As Jim so correctly points out, it depends on a number of factors other
than the direct cost of components.
For example: Setting-up costs. I suggest there's nothing wrong with buying good secondhand reloading gear. Do you have any friends who are "into" reloading? Better yet, are you a gun club member?
I bought my RCBS Rockchucker press from a fellow club member -- $125AUD (about $75US). On the spur of the moment, he included (in the price): lube pad; reloading manuals; Qnetics (?) powder thrower; powder trickler; case trimmer; deburrer; primer pocket cleaner; bullet tray and case; and about 500 bullets of different weights!! He also sold me a set of scales for a further $50AUD ($35US).
I only reload my Hornet at present, so let's consider that.
Factory ammo here is approx:
$1.10AUD a round ($22 for 20).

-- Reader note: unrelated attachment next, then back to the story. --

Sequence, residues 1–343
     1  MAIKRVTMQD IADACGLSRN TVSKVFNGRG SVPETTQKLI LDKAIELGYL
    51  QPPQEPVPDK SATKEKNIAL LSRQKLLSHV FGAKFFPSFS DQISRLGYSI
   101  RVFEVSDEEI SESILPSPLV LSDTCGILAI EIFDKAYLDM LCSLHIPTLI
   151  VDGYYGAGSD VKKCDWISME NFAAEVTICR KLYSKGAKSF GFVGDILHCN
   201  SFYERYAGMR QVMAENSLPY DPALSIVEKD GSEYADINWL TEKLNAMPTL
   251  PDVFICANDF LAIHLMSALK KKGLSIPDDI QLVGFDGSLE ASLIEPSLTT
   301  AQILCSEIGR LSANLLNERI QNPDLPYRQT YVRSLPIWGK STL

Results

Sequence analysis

Reloading component costs are (per unit):
Winchester brass -- 28 cents
Hornady 40 gr -- 28 cents
Powder -- 5 cents
Primer -- 4 cents
TOTAL -- 65 cents
But of course, you don't buy new brass every time, so the costs diminish with the more times you use the same brass. And I could save significant amounts of money by buying "generic" projectiles (used in .22 WMR).
The best estimate (taking case life into account) I can make is I save at least 60-65%
on every round I fire. I only fire around 500 rounds a year, so I'm saving myself about $375 a year in ammo.
As for my time -- well, it's fun and I find it relaxing. If I'm not doing anything critical (say just decapping or tumbling), I have a small B/W TV set at my bench, so I don't
have to watch Seinfeld or Mad About You or The Nanny ....
Give it a try -- when you put your first rounds downrange -- and they go "bang" like they're supposed to and
you get a better group than factory ammo -- it's worth every second!!